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Import Certificates

drz-400

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DRZ-400, annual trade deficits are ALWAYS a drag upon their nation’s production, (i.e. their GDP).
Consequentially that drags upon their numbers of jobs and their wage rates, which employees are dependent upon.
USA’s economy is highly sensitive to the purchasing powers of employees and additionally to their immediate dependents and the many commercial and other entities that are in aggregate among, if not the greatest drivers of our economy.

We all benefit from cheaper imported goods but that doesn’t compensate for trade deficits’ net detriment to our nation’s economy.

We cannot expect every person and enterprise to behave altruistically but we can draft our trade policy laws for our aggregate individuals and enterprises immediate and longer-term best interests converge with that of our entire nation’s economy.

Respectfully, Supposn

It does not take GDP down. GDP = Income = Total Expenditure. You can't buy stuff without first having the money. All your proposal would do is lower the purchasing power of our income by driving prices up.
 

JohnfrmClevelan

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It does not take GDP down. GDP = Income = Total Expenditure. You can't buy stuff without first having the money. All your proposal would do is lower the purchasing power of our income by driving prices up.

Trade deficits are a demand leakage, and they do take GDP down. If you earn $50,000 and spend $5,000 of that on imports, there is only $45,000 left (max) for domestic demand.
 

drz-400

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Trade deficits are a demand leakage, and they do take GDP down. If you earn $50,000 and spend $5,000 of that on imports, there is only $45,000 left (max) for domestic demand.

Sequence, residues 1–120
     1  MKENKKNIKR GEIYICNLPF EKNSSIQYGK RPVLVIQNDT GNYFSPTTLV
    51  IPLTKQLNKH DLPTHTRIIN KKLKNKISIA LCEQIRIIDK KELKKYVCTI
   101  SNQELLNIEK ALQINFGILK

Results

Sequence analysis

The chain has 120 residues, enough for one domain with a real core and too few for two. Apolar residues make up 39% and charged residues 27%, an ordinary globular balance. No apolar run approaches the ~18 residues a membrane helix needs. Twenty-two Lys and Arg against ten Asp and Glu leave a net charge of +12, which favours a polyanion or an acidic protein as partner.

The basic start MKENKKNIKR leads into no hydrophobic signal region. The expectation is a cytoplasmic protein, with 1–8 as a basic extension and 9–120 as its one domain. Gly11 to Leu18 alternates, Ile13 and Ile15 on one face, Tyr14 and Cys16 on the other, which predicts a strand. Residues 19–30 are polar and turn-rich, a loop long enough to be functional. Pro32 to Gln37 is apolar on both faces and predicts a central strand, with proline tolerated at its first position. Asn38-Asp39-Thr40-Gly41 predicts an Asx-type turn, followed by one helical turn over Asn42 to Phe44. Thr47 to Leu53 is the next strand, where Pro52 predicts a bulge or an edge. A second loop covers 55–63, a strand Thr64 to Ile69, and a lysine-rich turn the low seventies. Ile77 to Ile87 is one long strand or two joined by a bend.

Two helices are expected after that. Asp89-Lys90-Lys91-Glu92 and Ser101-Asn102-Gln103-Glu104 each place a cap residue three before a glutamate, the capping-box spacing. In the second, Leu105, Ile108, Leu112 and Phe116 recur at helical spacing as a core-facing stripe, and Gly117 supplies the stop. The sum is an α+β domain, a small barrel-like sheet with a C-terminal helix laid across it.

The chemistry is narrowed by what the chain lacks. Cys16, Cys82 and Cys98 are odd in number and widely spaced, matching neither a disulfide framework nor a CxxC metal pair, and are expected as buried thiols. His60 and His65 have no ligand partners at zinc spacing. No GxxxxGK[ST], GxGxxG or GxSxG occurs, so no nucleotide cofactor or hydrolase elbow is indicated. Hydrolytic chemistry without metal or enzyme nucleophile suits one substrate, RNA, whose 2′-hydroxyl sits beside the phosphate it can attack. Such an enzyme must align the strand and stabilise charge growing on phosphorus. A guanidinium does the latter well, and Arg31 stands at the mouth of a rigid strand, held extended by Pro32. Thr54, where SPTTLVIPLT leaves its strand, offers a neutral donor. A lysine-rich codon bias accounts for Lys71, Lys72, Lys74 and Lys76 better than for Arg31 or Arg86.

And what does the international participant do with the $5000?
 

drz-400

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If we have a trade deficit with them, then they are sitting on it.

Nope, its called a balance of payments. Current Account + Capital Account = 0. The trade defecit is matched by investment coming into the country.
 

JohnfrmClevelan

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Nope, its called a balance of payments. Current Account + Capital Account = 0. The trade defecit is matched by investment coming into the country.

That's not real investment, it's just buying U.S. bonds. It doesn't go toward GDP or American businesses. And it's a demand leakage.
 

drz-400

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That's not real investment, it's just buying U.S. bonds. It doesn't go toward GDP or American businesses. And it's a demand leakage.

Buying American bonds is in fact a real investment, however demand leakage isn't a real term.
 

I'm Supposn

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It does not take GDP down. GDP = Income = Total Expenditure. You can't buy stuff without first having the money. All your proposal would do is lower the purchasing power of our income by driving prices up.

DRZ-400, You’re not quite correct. The term “gross domestic product”, (GDP) as used by creditable economists and statisticians throughout the world is explicitly described.
Refer to https://en.wikipedia.org/wiki/Gross_Domestic_Product_(GDP)#Expenditure_approach
or to Expenditure Method Definition | Investopedia ].

We all benefit from cheaper imported goods but they do not compensate for trade deficit’s detriment to their nation’s GDP.
Drag upon GDP due to trade deficits consequentially are also drags upon their nation's numbers of jobs and their pay rates.

This is particularly detrimental to employees, their dependents and any other entities that are significantly affected by lesser employment or pay rates.
That describes USA’s entire lower income, and almost our entire middle-income earners and all others to the extent that they're dependent upon enterprises that are themselves greatly affected by reduced circumstances of employees and their dependents.

You may, (or may not) find http://www.debatepolitics.com/econo...s-upon-their-nations-gdps.html#post1065959056
of interest.

Respectfully, Supposn
 
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JohnfrmClevelan

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Buying American bonds is in fact a real investment, however demand leakage isn't a real term.

Then take us through the process by which foreign countries buying American bonds results in real investment in American business.

After that, explain how my choosing a Chinese product over an American product does not result in lower exercised demand for American goods.
 

drz-400

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Then take us through the process by which foreign countries buying American bonds results in real investment in American business.

After that, explain how my choosing a Chinese product over an American product does not result in lower exercised demand for American goods.